Unlike earlier social media campaigns, the current effort to counter the negative perception generated by the RBI’s own data has seen the deployment of cabinet ministers too.
New Delhi: A day after the Reserve Bank of India’s report on demonetisation proved that the whole exercise of scrapping high denomination notes in order to detect and extinguish black money simply wasn’t worth the time or effort, a concerted campaign is underway on Twitter, WhatsApp and other digital platforms to prove that Prime Minister Narendra Modi’s big economic gamble was in fact “a success”.
In a desperate attempt to change the narrative on social media about the Modi government’s ill-planned and poorly executed exercise that left nearly 100 people dead, destroyed informal markets, took away almost 1.5 million jobs and choked the money supply – and growth – of the nation, hundreds of Twitter handles were deployed to tweet the exact same ‘facts’ using the hashtag
As expected, the hashtag soon started trending on top on Twitter in India.
— Trendsmap India (@TrendsmapIndia) August 31, 2017
How does forced trending work?
Usually brands and political parties hire PR agencies who employ social media ‘influencers’. These influencers run multiple social media handles and usually have a huge following. They are provided a brief about the campaign that contains some sample tweets, a list of people they should attack, the timing of the tweets, etc.
Unlike similar campaigns in the past, the #DemonetisationSuccess effort wasn’t just about garden-variety trolls pushing the agenda. This time, even cabinet ministers have been deployed by the BJP’s high command to push the party line.
Ironically, the government doesn’t seem to have faith in the ability of its ministers to creatively argue the case for demonetisation actually being a success. The ministers were all seen sending out the same templated tweets that had been sent out to ordinary footsoldiers.
Incidentally, the messages they tweeted are also being sent out to smart phone users who have downloaded the Narendra Modi app.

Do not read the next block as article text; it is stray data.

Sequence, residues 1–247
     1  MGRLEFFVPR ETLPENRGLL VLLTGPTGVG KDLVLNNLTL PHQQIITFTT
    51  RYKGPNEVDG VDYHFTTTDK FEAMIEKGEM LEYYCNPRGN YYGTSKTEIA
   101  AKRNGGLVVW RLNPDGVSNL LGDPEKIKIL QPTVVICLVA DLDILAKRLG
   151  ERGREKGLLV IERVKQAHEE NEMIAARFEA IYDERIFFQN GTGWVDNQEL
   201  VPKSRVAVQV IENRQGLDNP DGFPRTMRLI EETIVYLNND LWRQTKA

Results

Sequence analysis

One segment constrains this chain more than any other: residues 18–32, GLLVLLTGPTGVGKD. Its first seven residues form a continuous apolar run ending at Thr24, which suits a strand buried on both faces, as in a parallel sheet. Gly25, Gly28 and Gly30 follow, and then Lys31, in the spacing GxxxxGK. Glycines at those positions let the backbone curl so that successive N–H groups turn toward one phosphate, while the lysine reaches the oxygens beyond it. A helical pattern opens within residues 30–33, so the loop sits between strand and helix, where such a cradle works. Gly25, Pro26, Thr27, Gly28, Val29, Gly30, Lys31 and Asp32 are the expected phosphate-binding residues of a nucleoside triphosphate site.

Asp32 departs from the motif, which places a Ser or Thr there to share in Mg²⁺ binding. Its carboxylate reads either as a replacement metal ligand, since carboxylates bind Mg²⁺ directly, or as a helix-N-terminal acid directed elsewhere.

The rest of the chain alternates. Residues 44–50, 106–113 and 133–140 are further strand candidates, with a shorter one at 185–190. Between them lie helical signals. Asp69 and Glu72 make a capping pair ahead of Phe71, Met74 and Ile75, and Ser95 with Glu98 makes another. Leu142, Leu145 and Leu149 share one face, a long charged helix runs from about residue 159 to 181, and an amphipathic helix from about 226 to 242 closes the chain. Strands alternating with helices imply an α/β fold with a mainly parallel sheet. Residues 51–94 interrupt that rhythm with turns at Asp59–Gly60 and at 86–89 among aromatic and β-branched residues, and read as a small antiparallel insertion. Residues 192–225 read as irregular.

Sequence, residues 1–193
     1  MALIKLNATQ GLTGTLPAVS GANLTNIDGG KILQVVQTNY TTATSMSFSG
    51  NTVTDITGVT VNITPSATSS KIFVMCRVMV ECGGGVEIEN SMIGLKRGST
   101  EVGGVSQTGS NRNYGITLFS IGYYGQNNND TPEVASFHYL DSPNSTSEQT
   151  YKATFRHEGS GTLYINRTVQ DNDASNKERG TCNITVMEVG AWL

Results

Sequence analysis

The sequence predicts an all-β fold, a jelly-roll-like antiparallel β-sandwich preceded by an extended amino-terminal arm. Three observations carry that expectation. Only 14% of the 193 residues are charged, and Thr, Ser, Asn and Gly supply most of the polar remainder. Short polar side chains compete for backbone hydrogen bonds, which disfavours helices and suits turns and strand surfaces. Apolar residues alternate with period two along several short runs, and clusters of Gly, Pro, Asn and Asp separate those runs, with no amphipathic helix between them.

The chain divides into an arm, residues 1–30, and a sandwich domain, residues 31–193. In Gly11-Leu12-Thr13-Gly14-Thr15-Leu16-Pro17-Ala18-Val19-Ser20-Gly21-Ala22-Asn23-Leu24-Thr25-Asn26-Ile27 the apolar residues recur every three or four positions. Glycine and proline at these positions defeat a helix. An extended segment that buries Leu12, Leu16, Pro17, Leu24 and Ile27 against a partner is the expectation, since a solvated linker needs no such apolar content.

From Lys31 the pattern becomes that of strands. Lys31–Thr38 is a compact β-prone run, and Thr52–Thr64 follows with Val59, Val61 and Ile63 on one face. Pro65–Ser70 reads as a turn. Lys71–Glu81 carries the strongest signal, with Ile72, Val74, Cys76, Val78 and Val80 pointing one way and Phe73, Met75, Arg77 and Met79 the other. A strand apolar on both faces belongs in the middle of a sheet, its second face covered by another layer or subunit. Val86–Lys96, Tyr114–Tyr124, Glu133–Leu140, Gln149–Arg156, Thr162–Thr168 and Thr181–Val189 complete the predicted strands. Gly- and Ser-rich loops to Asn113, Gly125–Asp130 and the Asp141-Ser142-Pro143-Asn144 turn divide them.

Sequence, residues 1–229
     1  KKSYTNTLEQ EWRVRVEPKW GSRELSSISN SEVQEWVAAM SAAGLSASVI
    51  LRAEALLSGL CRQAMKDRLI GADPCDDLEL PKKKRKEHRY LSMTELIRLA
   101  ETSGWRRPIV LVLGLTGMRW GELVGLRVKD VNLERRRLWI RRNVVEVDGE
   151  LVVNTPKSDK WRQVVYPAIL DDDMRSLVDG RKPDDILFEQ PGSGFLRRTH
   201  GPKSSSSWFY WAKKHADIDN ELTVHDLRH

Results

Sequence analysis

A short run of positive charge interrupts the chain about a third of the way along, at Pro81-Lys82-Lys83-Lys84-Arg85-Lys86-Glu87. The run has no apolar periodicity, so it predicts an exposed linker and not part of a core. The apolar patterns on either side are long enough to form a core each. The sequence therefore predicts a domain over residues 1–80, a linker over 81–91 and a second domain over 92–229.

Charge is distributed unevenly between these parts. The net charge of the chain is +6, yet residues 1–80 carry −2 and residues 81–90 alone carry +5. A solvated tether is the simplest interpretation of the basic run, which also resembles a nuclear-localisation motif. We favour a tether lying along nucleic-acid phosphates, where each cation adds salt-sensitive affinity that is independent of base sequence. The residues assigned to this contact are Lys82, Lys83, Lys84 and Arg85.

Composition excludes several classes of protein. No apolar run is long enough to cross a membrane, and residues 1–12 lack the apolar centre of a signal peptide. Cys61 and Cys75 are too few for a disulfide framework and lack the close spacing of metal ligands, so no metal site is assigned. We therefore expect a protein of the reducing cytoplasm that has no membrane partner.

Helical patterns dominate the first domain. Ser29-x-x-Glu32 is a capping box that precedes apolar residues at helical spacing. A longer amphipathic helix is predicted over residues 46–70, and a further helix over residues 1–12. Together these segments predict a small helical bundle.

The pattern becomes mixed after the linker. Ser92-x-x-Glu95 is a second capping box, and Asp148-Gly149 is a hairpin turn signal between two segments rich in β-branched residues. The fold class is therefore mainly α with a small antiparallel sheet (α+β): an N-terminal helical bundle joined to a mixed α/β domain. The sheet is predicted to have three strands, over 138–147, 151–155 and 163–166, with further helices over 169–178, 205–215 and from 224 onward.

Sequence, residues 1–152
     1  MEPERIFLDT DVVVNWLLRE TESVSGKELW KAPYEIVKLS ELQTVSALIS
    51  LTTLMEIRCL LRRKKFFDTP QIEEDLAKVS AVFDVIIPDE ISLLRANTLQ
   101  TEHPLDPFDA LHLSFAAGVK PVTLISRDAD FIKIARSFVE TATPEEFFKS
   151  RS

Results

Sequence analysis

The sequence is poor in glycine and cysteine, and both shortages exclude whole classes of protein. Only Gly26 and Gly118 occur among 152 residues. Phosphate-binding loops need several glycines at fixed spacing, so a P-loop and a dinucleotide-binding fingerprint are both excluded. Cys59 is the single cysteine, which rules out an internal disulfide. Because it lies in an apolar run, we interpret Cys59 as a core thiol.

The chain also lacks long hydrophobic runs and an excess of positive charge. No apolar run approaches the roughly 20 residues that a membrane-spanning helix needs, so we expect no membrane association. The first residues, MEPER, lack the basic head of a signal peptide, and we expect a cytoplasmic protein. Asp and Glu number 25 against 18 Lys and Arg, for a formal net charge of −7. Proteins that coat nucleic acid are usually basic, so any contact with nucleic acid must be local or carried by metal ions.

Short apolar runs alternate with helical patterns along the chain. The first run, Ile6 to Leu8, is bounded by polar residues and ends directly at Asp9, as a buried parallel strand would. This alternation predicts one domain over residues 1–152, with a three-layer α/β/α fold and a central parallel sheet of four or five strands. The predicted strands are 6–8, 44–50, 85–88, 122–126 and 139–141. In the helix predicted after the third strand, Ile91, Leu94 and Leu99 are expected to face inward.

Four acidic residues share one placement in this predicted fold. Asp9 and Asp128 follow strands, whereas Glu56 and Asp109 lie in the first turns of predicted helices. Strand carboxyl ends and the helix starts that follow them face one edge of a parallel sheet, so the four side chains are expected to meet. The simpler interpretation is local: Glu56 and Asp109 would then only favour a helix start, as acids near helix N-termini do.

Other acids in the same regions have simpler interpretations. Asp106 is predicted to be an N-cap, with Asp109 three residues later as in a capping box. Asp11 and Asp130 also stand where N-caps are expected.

Multiple RTIs filed by the Economic Times revealed that ministries have been paying agencies as much as Rs 2 crore a year to manage social media.
The practice of hiring social media influencers to counter bad publicity has been seen a number of times over the last year in the Indian context.
To commemorate Union minister Nirmala Sitharaman’s birthday, ‘bhakts’ tweeted praise for the minister with #NirmalaAtWork earlier this month.
— Karnika Kohli (@KarnikaKohli) August 18, 2017
A similar campaign was run to “prove Uttar Pradesh CM Adityanath’s innocence” after over hundred infants died in his constituency.
The use of paid social media trolls to spread positive messages about demonetisation was extensively documented by FactorDaily in December 2016.
BJP SM team: Go tweet "Jan dhan accounts are FULLED with money…"
Bhakts: ✅ Next? (1/n) pic.twitter.com/SxScCXMkvp
— SamSays (@samjawed65) December 9, 2016
News channels too have adopted similar practices in the past to make hashtags trend.
— SamSays (@samjawed65) May 10, 2017
How to make a hashtag trend, @TimesNow-style.
not surprised tbh. pic.twitter.com/Nqn87rYQ3v
— Karnika Kohli (@KarnikaKohli) June 19, 2017
What impact the government’s social media hard sell on demonetisation will have on public perceptions remains to be seen.